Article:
Jesus’ original disciples were not what an objective observer would call the brightest and the best. The top students-those who at the age of 13 had rung up the highest marks on their SAT (if there had been a Synagogue Aptitude Test) and who were therefore seemed destined to become future leaders of Israel-would typically present themselves to the most famous rabbis. Essentially they would ask, “May I have the privilege of following you?” If the rabbi consented, the wannabe disciple would gather up his things and fall in line with the rabbi’s band of learners.
The astonishing report that emerges from the four gospels is that these common everyday Jewish young men-who were never going to rock the world of theological scholarship or proficiency-became Jesus’ fishing pool. Jesus does something no self- respecting rabbi would ever have done. He actually goes out and recruits them. “Come follow me. Put down your fishing nets, walk from your tax-collector’s booth, leave behind the life you thought you were going to live and join my band of learners.”
Movie depictions of the life of Christ have not helped us picture this particularly well, especially with regard to the one reality: the fact that the disciples were almost certainly quite young. Think of a 30 year old Jesus working with the equivalent of a dozen high school or college kids.
The Twelve, in other words, are not bored mid-life adults who gradually become open to a challenging second career in global missions. They were young men standing at the threshold of the rest of their lives.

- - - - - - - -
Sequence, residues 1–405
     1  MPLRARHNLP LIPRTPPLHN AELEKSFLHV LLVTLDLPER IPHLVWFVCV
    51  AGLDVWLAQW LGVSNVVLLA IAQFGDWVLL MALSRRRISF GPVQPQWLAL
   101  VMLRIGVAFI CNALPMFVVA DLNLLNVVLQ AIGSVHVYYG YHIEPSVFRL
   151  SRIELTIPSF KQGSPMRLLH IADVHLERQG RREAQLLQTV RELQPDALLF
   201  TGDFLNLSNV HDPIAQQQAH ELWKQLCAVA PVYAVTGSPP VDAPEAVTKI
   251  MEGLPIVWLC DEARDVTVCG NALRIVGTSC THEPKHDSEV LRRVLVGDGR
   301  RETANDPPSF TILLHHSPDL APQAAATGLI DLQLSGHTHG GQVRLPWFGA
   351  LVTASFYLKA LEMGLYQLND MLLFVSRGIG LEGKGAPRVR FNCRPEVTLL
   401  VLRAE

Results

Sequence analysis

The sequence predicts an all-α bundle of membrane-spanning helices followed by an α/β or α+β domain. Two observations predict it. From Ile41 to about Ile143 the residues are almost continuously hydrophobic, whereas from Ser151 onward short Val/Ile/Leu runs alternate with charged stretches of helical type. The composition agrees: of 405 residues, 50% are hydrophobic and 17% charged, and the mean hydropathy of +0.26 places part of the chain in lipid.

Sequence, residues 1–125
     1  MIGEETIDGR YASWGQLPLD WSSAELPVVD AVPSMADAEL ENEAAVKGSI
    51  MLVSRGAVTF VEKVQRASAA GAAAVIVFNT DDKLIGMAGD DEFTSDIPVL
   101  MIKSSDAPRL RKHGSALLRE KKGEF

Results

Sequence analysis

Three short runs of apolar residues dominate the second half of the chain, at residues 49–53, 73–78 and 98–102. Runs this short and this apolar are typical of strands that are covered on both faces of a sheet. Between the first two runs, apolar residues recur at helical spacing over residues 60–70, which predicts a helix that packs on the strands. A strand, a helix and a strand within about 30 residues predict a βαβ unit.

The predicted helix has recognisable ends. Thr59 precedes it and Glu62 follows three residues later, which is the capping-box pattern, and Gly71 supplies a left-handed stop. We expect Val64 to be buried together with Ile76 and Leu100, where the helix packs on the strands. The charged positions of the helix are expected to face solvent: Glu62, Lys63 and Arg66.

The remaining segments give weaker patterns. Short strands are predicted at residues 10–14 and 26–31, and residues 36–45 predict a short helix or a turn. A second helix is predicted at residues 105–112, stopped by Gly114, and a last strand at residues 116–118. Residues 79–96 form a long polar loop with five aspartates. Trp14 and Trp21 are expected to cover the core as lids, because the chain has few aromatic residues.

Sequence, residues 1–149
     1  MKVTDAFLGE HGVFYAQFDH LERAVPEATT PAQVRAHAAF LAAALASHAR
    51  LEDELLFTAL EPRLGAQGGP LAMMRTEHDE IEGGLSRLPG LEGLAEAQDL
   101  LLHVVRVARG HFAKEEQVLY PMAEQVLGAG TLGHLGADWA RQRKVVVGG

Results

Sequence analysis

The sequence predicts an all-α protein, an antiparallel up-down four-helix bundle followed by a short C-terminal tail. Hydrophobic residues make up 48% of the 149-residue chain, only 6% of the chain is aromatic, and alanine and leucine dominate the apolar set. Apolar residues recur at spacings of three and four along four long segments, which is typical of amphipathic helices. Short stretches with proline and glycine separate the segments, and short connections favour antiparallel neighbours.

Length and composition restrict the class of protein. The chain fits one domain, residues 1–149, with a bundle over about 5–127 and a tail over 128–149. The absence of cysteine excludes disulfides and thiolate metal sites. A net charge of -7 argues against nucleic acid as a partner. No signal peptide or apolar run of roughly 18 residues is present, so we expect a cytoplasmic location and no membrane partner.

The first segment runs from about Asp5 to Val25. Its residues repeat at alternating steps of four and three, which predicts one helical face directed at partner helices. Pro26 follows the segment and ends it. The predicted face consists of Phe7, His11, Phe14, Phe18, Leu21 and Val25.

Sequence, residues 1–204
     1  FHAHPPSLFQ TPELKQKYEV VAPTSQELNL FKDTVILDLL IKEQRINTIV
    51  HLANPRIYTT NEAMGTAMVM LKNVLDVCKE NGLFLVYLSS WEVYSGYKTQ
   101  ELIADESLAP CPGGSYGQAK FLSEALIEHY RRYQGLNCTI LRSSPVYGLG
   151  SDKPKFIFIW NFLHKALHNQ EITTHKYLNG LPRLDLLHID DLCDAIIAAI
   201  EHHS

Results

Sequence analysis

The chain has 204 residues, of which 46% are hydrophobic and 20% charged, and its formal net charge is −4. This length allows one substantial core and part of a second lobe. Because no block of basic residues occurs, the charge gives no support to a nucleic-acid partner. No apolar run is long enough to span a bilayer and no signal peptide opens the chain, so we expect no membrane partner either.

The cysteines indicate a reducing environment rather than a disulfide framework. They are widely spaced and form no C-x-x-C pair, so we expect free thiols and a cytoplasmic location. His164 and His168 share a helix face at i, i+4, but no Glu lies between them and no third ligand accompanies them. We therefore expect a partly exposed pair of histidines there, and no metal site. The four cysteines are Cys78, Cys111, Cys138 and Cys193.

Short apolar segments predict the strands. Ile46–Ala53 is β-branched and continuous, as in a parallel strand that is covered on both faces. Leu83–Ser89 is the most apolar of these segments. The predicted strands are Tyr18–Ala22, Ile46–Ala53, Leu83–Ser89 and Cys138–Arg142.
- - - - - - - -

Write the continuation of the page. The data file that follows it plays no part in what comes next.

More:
We know something else about them. They were seriously broken individuals. They made lots of mistakes. They said dumb things. They are biased and blind and fearful and selfish. They live with Jesus but they “don’t get” Jesus. They fail to grasp his teaching, struggle to know his example, and get regularly chewed out.
But aren’t these the people whose names adorn countless churches? How can they be blockheads?
It turns out Jesus is in the reclamation business. He called a dozen students into a lifelong living relationship with him, forming a new community or society where he is showing them that a life worth living comes down to being committed to two crucial activities: loving God and loving each other.
We all need help in this regard. We don’t need more seminars to remind us of the gap between what we profess and how we actually live. What we need is transformation and the assurance we serve a Savior who won’t give up on us just because we have so far to go.
This world in which we live right now is a challenge to us all. Our calling as disciples of Jesus is a lifelong journey of faithfulness and spiritual growth. Learning never ends. The drama of discipleship in the end is twofold: First is the miracle. Jesus wants US! And he wants Us just as we are. We’re all invited
to join the band of lifelong learners; then comes the responsibility. Jesus has no intention of letting us remain just as we are. We must grasp that our true call is to join Jesus in the work of redeeming human
hearts wherever brokenness is found. Beginning with the brokenness we find inside ourselves.
There is hope that such a thing can really happen.
Ron Naylor, Chaplain